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Top Bed Bug Myths DEBUNKED

bed bugs can infest any home in TexasPesticide-resistant bed bugs are invading homes across Texas

After being all but eradicated after World War II, the past 20 years has seen a bed bugs comeback in the United States. According to Brooke Borel, who wrote the book Infested: How the Bed Bug Infiltrated Our Bedroom and Took Over the World, the combination of a new species of bed bug and an increase in domestic and international travel has meant that bed bugs now have a ticket for the ride — right into your home!

There are a lot of misconceptions about bed bugs. We are setting the record straight and debunking the biggest bed bug myths out there.

Myth: You can’t see bed bugs.

Bed bugs are very small, with a tendency to hide in crevices, so they can be difficult to detect. But if you look closely, especially with a flashlight, you can often spot them. Another telltale sign of an infestation is dark spotting from excrement and rust or red streaks from crushed bed bugs.

Myth: Bed bugs only bite when it’s dark.

Sorry, but sleeping with the lights on won’t prevent them from biting you or your loved ones. While bed bugs are mostly active during the night, they will bite whenever they’re hungry.

Myth: The best way to know you have bed bugs is if you get bites while sleeping.

Some people react to bed bug bites with an itchy welt within a day or two of the initial bite, much like a mosquito bite. But some people notice the bite much later or not at all. When there is an allergic reaction, it’s not always immediately obvious what caused it. Furthermore, it’s difficult to identify the bite as being resulting from a bed bug. These bites can resemble flea bites, mosquito bites, or skin disorders like eczema. So, you can’t use bites alone to confirm these pest’s presence.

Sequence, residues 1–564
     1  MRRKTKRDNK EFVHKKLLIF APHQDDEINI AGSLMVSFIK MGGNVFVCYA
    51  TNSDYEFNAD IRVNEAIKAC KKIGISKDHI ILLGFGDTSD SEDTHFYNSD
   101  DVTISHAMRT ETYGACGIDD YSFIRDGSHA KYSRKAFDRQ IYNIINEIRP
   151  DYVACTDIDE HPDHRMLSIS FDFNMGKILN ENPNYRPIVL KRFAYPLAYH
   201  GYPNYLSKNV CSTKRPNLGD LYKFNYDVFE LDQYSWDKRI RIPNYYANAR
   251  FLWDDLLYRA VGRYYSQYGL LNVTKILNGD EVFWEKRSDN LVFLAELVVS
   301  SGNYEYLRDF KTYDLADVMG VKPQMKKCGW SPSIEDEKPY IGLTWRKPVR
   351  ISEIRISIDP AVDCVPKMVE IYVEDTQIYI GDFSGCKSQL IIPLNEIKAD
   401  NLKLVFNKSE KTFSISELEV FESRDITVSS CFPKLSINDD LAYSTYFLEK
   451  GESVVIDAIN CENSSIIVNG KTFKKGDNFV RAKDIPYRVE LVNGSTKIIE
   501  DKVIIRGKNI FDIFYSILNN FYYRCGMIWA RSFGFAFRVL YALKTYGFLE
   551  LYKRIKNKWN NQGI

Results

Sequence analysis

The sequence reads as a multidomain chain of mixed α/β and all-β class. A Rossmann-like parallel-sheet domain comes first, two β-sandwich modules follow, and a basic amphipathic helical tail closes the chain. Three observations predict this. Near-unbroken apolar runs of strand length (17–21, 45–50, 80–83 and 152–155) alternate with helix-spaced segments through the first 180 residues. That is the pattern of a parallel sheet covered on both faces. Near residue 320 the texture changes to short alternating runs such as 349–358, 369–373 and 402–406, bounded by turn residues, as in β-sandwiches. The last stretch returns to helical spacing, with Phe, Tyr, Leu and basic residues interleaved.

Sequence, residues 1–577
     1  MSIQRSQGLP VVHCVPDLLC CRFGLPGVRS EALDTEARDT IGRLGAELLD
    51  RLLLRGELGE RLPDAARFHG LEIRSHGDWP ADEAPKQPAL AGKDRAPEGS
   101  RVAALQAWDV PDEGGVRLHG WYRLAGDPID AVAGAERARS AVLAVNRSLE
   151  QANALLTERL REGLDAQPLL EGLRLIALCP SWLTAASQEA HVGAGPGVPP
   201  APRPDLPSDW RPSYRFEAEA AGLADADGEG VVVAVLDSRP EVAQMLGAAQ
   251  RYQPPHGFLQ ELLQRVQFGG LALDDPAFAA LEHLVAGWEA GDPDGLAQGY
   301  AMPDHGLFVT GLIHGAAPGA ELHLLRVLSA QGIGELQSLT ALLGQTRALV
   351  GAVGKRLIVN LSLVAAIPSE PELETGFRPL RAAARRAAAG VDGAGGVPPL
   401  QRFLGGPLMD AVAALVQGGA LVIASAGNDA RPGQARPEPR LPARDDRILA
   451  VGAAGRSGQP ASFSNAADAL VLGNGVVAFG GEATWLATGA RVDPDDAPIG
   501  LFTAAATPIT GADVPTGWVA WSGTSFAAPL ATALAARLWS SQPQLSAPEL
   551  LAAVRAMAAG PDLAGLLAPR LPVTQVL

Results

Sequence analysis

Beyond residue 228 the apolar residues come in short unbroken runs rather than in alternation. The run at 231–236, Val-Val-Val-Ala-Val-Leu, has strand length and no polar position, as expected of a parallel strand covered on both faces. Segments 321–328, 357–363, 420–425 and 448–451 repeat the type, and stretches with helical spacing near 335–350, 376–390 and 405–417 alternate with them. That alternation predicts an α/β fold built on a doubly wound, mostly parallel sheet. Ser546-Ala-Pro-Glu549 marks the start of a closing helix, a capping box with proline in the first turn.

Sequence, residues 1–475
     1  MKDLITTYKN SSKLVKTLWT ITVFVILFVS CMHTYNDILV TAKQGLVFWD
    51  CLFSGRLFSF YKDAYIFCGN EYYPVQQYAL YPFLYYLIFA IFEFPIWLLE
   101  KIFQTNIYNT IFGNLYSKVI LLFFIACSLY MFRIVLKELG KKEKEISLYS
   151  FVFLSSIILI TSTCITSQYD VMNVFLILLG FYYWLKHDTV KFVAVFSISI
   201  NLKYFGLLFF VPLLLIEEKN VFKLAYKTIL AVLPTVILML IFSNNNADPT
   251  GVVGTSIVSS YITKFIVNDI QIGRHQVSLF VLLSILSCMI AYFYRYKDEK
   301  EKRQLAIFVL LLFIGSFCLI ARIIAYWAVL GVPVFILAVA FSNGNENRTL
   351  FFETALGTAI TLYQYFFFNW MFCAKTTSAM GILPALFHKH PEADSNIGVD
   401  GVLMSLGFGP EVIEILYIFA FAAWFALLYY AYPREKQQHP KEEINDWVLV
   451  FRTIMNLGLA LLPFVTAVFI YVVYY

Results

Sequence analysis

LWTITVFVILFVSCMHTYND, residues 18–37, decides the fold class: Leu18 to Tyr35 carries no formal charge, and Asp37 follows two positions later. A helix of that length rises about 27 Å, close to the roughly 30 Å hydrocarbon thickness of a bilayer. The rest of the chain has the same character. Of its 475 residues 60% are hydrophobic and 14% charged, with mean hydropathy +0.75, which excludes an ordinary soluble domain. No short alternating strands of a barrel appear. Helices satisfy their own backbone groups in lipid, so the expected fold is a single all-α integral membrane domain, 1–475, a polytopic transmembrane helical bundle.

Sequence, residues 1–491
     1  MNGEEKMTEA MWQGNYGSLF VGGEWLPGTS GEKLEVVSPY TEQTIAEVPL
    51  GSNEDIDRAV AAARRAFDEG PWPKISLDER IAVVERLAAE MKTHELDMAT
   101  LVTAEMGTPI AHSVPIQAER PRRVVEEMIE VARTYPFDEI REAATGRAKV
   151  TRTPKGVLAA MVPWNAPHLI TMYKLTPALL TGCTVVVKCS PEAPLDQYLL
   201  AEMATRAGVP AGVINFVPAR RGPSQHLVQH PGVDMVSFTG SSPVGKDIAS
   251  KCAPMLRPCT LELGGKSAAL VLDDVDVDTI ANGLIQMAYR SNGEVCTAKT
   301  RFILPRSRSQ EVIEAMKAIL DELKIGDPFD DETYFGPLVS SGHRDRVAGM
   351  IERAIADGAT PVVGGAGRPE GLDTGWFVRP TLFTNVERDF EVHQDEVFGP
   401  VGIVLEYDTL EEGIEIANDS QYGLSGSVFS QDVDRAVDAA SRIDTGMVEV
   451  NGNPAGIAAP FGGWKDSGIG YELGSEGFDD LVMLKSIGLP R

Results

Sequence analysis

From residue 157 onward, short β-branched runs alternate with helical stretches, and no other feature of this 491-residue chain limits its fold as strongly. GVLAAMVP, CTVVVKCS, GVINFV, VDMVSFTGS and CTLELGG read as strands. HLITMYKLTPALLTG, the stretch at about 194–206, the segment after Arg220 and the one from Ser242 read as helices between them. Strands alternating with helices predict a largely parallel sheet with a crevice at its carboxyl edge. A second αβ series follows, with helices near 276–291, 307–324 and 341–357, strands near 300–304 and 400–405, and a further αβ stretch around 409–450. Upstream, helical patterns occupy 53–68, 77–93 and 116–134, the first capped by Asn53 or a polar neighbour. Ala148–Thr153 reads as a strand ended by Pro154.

Myth: You only need to worry about bed bugs in your bed.

Bed bugs can be found throughout your home, including on furniture, in carpets and between floorboards, behind picture frames and cabinetry, and even on your ceiling. They are associated with beds largely because they’re nocturnal — That’s the real reason they are most active when you’re sleeping.

Myth: Bed bugs are a sign of a dirty home

Bed bugs aren’t picky, and cleanliness isn’t a deterrent. They are attracted by warmth, carbon dioxide and their next meal rather than the condition of their victims’ homes.

Myth: You can only get bed bugs if you sleep in cheap hotels or hostels

Bed bugs are common in places with high turnover and less diligent cleaning procedures, such as hostels and college dorms, but they can also be picked up from expensive hotels, movie theaters, airport’s and restaurants. If you live in an apartment, as many do in Austin, you can also get them from your neighbors.

Myth: You can get diseases from bed bugs

There is no evidence that bed bugs transmit any blood-borne diseases, such as Zika or West Nile, which are transmitted by mosquitoes. The only significant health issue comes from the itchiness and sometimes significant inflammation from the bites themselves.

Myth: It’s not difficult to get rid of bed bugs

No drugstore-label bug spray will kill bed bugs. Those sprays are a waste of money and time. The only way to kill bed bugs safely is with heat. We’ve heard of tenants burning down whole apartment complexes in an attempt to heat up a unit enough to kill the bugs.

Fact: A professional heat remediation treatment is your best bet to eliminate bed bugs in your home.

Myth: Pesticides can get rid of bed bugs.

Pesticides with pyrethrin do work on bed bugs, but they can be difficult to apply successfully. Room foggers don’t necessarily reach the crevices where bed bugs like to hide, so while you might kill some of the bed bugs, you may not get all of them or their eggs. With considerable effort, you can eradicate bed bugs this way, but you will need to be vigilant and be sure to treat the entire home.

Warning: Pyrethrin is known to be poisonous to pets. We definitely recommend against using this pesticide on your own.

If you get bed bugs, you have to throw away your mattress and bedding.

Mattresses are expensive to replace, and unless you have completely eradicated bed bugs from your home (since they can live places other than bedding), you won’t have resolved the problem. It’s better to spend your money on bed bug heat treatment. Once the bugs are dead, clean the mattress, and it will be good as new.

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